Hard to believe, but true: the average American kid spends an average of seven and a half hours per day using entertainment media on a computer, cell phone, TV, or other electronic device, according to a recent study by the Kaiser Family Foundation. This is 53 hours per week – more than a full-time job! Much of the rest of the time, they are in school. So when do they have time to experience nature?
On today’s EcoMyths segment on Worldview, host Jerome McDonnell and I explore this topic with two experts. Emilian Geczi, the Youth and Community Engagement Coordinator for Chicago Wilderness, addresses the reasons that youth these days are disconnected from nature and shows us that not only electronics are the cause. In addition, we talk with Elizabeth Soper, Associate Director of Eco-Schools USA, who helps lead school programs for the National Wildlife Federation. Elizabeth and Emilian explain why it is important to connect children to nature and offer simple suggestions on how to encourage them to do it.
Emilian Geczi’s main recommendation is for kids to use every moment outdoors as an opportunity to be attentive to nature: listening for bird songs, touching tree bark or climbing the trees, watching ants crawl into their tiny anthills to store tiny specs of food and crawling back out again to look for more. Chicago Wilderness, a consortium of over 300 environmental organizations of all sized in the greater Chicago region, has an initiative called “No Child Left Inside”, which is being celebrated for the entire month of June 2013, starting next week. They have created a Children’s Outdoor Bill of Rights, which asserts that every child has the right to plant a flower, follow a trail, camp under the stars, and more. During "Leave No Child Inside Month," there will be numerous outdoor activities for children and their families throughout the region, all of which are listed on the Chicago Wilderness website.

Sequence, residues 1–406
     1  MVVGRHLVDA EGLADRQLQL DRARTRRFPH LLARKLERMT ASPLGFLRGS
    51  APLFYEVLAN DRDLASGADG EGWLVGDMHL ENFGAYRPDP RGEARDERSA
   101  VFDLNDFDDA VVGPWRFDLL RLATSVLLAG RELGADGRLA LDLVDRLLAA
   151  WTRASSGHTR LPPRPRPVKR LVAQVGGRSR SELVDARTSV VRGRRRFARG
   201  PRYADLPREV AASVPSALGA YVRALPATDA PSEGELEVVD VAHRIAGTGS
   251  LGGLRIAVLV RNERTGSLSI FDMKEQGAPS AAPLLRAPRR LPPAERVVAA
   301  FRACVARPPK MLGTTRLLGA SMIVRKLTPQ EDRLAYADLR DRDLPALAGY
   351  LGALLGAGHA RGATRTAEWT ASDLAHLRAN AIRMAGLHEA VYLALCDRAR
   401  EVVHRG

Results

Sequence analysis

My favorite on this list is the right to play in the mud. There’s nothing quite as satisfying as running around barefoot in a light, warm rain and squishing your feet into the soft, slimy mud. Everyone should experience it—preferably while watching the worms squiggle around on the grass while a stocky, shiny frog hops past.
Kids in the Eco-Schools USA program have it made, too, because their teachers are encouraged to hold their classes outdoors! We were always trying to persuade our teachers to do that when I was in school, with little success. But in Eco-Schools, holding class in the dappled sunlight under the trees is not only likely, but it is also encouraged. Elizabeth Soper tells us about Eco-Schools guidelines and materials, most of which are available for free on the National Wildlife Federation Eco-Schools USA website. Getting kids outside actually helps them to be more confident and calm and even improves their academic performance, Soper said. They get in touch with themselves while getting in touch with nature. Eco-Schools USA shows teachers and administrators how to make their school buildings and grounds more eco-friendly, with the help of students. Their programs get students outside, showing them how to create rooftop gardens and wildlife habitat. Eco-Schools also encourages students to get involved in understanding issues in their local community, such as identifying sources of local water pollution and learning what they can do about it.
Our experts show that regardless of how busy children are, they can have more fun, get better grades and learn more about their world just by stopping to smell the flowers a little bit each day. Or by playing in the mud.
Amen to that.